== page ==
Disadvantages of LLCs
To file as a partnership, an LLC must have at least two members, in contrast to an S corporation that can have a single shareholder. Although all states allow single-member LLCs, the business is not allowed to file as a partnership for federal tax purposes. A single-member LLC owned by an individual files Schedule C as a sole proprietor unless it elects to be taxed as a corporation
Owners cannot be paid as employees but must be compensated for services via guaranteed payments that are subject to SE tax.
Since owners are not employees, they cannot participate in some employee benefit programs such as Section 125 plans, group-term life insurance, disability insurance and meal and lodging arrangements
State law may limit the life of the LLC.
As a partnership, if 50% or more of the capital and profit interests are sold or exchanged within a 12-month period, the LLC will terminate for federal tax purposes
If more than 35% of losses can be allocated to nonmanagers, the LLC may lose its ability to use the cash method of accounting. [IRC §1256(e)(3)]
LLCs cannot take advantage of incentive stock options, engage in tax-free reorganizations or issue Section 1244 stock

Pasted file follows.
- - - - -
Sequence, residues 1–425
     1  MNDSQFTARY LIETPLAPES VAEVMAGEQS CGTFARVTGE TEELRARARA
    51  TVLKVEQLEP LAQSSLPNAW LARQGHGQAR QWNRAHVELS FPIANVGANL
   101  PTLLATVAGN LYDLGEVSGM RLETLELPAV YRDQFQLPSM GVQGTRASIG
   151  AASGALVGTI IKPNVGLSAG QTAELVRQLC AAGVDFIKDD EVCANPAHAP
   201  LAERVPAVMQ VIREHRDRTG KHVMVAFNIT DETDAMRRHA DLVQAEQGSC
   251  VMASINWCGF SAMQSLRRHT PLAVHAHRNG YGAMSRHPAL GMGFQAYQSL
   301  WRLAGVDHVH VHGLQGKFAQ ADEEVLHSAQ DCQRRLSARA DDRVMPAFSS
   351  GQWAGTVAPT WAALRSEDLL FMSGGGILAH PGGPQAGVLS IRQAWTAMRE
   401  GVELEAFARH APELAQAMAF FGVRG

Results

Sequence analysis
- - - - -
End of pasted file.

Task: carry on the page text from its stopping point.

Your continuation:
Lack of uniformity in LLC statutes. Businesses that operate in more than one state may not receive consistent treatment.
Some states do not tax partnerships, but they do tax LLCs
Minority discounts for estate planning purposes may be lower in an LLC than a corporation. Since LLCs are easier to dissolve, there is greater access to the business assets.
Conversion of an existing business to LLC status could result in tax recognition on appreciated assets
|The choice of business is very important in order to have a right entity which would provide all your needs in operating your business and saving your earned money from over taxation. Contact our office for more information of other types of entities and their advantages and disadvantages. |